If you have aluminium or vinyl siding, a high powered pressure washer can also dent this. If you have any of this sliding, consider using a pressure washer, or contact the professionals directly.

Is pressure washing safe for  Electrical Panels and Meters?

Even if you are cleaning the exterior or your home or your garden, do not pressure wash any fixtures housing electricity. Although these fixtures are built to withstand rainstorms, pressure washing can force water into the small cracks and crevices. As well as this being a health and safety issue, it can also cause damage to your wiring, leading to costly repairs. To wash these fixtures, you can just use a soft sponge and soapy water to hand wash any plastic casings.

Is pressure washing safe for Asphalt Shingles?

Never pressure wash your roof if you have asphalt shingles. The water pressure strips away the granules that protect your roof. If you have any loose shingles you can damage them further, or even worse, cause them to fly down and shatter. As mentioned above, you should also never use a pressure washer on a ladder as the powerful recoil on the spray wand can throw you off balance and off of the ladder.

Air Conditioners

If you happen to have an air conditioning unit, don’t reach straight to the pressure washer to clean this. The strong and intense stream of water can bend or crush the delicate fins, restricting air flow and shortening the lifespan of the air conditioning unit. Instead of pressure washing, you can use a vacuum and a bucket of water to rinse away the debris.

Lead Paint

Never remove lead paint with a pressure washer. Lead paint should be carefully contained when removed, not blasted into the air and surrounding surfaces. If you are unsure of what type of paint you have, consult with a professional to discuss your cleaning and removal options.

Is pressure washing safe for Old Mortar

If you have an older house or walls, pressure washing can damage the mortar. If you have any loose materials or damaged mortar, this can be blasted away by using a pressure washing on a high setting. You should speak with a professional pressure washer to clean this safely. 

Living Things

You should never aim a pressure washer at humans, pets, or plants. The force of water coming from a pressure washer can cause physical harm, even penetrating skin, leading to large lacerations and wounds if on a high setting. When you pressure wash appropriate surfaces, always wear safety glasses to protect your eyes from debris. Wear gloves, closed toe shoes and trousers to avoid causing any damage to yourself. Dogs often love to play in water streams, so make sure that any dogs are kept inside, far away from harm’s way.

Painted Surfaces That You Want to Stay Painted

A pressure wash easily chips paint off most surfaces, so only use a low-pressure flow of water to wash painted items such as a porch floor or painted outdoor furniture.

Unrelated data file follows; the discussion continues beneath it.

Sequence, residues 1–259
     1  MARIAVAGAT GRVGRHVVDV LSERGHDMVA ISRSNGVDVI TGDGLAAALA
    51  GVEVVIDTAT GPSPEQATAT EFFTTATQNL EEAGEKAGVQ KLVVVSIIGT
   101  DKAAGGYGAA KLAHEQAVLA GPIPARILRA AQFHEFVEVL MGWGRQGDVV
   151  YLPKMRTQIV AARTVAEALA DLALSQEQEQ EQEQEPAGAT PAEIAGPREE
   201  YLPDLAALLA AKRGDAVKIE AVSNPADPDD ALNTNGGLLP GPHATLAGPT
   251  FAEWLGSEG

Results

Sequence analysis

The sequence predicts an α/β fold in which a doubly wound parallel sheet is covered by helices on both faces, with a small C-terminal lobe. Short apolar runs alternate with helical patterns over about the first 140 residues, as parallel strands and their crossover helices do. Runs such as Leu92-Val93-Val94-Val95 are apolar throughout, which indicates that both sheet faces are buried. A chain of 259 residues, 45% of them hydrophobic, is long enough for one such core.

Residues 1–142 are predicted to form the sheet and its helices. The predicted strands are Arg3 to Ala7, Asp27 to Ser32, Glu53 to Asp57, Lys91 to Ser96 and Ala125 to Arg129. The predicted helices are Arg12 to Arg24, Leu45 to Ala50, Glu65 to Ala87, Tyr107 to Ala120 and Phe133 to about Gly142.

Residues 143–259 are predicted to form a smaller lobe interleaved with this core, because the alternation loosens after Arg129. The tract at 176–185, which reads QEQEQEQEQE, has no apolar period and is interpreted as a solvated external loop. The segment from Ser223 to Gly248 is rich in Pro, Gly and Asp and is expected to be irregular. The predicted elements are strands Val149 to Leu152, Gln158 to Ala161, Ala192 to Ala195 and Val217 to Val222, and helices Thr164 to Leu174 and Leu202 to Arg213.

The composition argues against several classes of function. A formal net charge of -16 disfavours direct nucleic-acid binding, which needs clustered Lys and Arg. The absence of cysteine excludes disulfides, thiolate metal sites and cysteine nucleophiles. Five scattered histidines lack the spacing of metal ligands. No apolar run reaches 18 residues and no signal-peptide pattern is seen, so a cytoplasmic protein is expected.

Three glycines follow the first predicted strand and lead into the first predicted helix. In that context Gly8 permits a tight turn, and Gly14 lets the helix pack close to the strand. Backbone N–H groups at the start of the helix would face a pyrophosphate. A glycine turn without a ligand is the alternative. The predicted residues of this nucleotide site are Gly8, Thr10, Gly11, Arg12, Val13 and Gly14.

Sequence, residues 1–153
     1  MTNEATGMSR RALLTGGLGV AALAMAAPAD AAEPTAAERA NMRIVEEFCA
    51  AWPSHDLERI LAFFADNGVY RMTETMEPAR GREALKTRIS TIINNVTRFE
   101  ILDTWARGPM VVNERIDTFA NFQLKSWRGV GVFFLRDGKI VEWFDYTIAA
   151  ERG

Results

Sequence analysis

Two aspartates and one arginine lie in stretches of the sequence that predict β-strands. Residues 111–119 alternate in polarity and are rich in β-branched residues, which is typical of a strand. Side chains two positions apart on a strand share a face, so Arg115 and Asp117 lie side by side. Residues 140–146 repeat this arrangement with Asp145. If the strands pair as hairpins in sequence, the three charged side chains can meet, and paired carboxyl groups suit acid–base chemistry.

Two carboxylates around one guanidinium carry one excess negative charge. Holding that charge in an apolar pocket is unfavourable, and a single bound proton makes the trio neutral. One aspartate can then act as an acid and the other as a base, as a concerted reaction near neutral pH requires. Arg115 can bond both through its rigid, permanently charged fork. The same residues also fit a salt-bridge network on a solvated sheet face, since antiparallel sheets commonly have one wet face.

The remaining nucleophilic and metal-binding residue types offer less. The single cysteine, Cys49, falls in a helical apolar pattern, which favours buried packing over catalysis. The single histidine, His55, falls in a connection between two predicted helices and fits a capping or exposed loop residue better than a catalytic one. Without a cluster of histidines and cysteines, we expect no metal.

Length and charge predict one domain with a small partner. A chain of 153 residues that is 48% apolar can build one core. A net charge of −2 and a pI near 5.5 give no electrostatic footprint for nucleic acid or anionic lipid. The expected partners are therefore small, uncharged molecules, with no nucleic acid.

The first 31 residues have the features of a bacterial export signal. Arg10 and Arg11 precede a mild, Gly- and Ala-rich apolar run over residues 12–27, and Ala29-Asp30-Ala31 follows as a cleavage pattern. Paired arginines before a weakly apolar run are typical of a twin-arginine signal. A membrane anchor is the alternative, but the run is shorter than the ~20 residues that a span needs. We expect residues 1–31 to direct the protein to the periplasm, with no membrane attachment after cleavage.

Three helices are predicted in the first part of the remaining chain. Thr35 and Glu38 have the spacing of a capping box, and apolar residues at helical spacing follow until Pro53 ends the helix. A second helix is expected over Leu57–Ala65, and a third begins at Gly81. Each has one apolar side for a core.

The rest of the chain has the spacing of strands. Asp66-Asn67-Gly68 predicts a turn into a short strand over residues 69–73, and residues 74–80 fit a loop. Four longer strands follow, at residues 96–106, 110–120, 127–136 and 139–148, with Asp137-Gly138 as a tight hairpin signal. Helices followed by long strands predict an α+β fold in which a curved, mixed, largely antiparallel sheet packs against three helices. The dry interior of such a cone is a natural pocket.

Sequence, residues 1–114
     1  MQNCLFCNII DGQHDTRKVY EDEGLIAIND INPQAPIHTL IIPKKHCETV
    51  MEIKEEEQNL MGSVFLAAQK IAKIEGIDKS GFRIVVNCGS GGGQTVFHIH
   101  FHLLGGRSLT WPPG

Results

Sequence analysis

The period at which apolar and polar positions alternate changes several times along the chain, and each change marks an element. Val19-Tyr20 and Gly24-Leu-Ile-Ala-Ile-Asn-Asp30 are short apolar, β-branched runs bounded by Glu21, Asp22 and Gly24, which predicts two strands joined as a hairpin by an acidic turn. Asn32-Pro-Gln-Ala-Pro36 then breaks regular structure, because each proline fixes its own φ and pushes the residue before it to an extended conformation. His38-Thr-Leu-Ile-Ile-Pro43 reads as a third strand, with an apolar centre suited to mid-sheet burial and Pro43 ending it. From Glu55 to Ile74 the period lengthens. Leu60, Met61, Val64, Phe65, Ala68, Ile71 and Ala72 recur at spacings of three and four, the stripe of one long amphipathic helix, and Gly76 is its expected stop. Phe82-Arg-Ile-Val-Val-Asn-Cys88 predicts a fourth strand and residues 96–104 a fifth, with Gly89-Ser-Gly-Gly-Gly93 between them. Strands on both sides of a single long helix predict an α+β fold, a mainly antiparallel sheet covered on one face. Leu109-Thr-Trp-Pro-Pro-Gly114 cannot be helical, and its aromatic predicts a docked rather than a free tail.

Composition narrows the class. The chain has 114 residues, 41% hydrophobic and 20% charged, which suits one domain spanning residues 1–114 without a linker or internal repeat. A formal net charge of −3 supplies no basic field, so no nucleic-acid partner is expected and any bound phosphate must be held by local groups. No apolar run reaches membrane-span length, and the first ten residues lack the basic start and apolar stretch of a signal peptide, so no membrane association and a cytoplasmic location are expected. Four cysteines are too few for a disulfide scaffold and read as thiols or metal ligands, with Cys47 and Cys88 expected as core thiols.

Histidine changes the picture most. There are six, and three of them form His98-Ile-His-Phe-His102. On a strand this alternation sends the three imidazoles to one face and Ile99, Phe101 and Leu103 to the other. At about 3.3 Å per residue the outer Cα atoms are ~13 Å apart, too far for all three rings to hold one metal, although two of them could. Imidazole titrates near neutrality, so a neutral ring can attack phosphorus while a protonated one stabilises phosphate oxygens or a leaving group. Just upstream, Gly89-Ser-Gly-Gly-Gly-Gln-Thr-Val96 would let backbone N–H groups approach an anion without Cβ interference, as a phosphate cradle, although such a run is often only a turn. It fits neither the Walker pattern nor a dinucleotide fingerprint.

Is pressure washing safe for Windows

Don’t pressure wash windows! The high pressure can break them, causing you a major headache (and expense) to replace. Instead, wash your windows the good old fashioned way, or hire a professional company to give them a clean, it is extremely affordable!

Vehicles

Using a high pressure wash to clean your vehicle can actually cause small dents and even chip the paint, leaving it vulnerable to rust. If you do use a pressure washer to clean your car, always set it to a low-pressure setting. Make sure that you are not washing the car on a gravelled drive, and definitely do not attempt to pressure wash a convertible with a soft top.

You should never attempt to pressure wash under the hood! It can force water into cracks and crevices, causing serious damage and costing you lots of money! 

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Outdoor Light Fixtures

Though outdoor lighting can withstand rain and other weather elements, you should not pressure wash these fixtures. You’ll risk forcing water into cracks and causing damage.

Gutters

Though tempting, you should never clean out the inside of your gutters with a pressure washer. It’s best to remove debris by hand and then rinse the inside clean with a less intense flow of water. Professional gutter cleaners use soft washers to help clean the inside of your gutters, however these are trained professionals, and you should not attempt this at home. 

Remember, gutters can withstand rainstorms, but not the extreme power of a pressure washer 

Stained Wood

A pressure wash pulls stain right off wood surfaces. Maybe that’s your goal, but if you intend to keep stain on wood, don’t use a pressure washer to clean it.

Overview

When it comes to the cleaning process it is vital that you check what material you will be cleaning. Different materials respond differently to treatment, with some materials being more sensitive and easily damaged. Generally, soft washing is suitable for the majority of all surfaces. Power washing should be avoided, and pressure washing should be used with caution as it can cause unwanted damage. 

When soft washing your property, it is important to use a good surfactant. Make sure that you mix this correctly and always follow the instructions on the container. When the cleaning solution is mixed correctly, you will be able to do a highly effective clean which will destroy the moss and mould at the root, preventing them from growing in the future. 

You can repeat the cleaning process after a few days, and as many times as you need to as long as the cleaning solution is at the correct concentration. When you do wash your building, make sure that you have pre-soaked the surroundings in clean water to prevent any accidental damage.

As with everything, there are associated risks when It comes to cleaning your property. Make sure that you are wearing safety goggles, a face mask and gloves when operating the machinery. If you do not feel confident in cleaning any areas of your building you should contact a professional.

We hope that this article has answered your question of “is pressure washing safe?”. Pressure washing is safe as long as you make it safe! Make sure that if you have any questions or queries, just get in touch with a professional pressure washing company.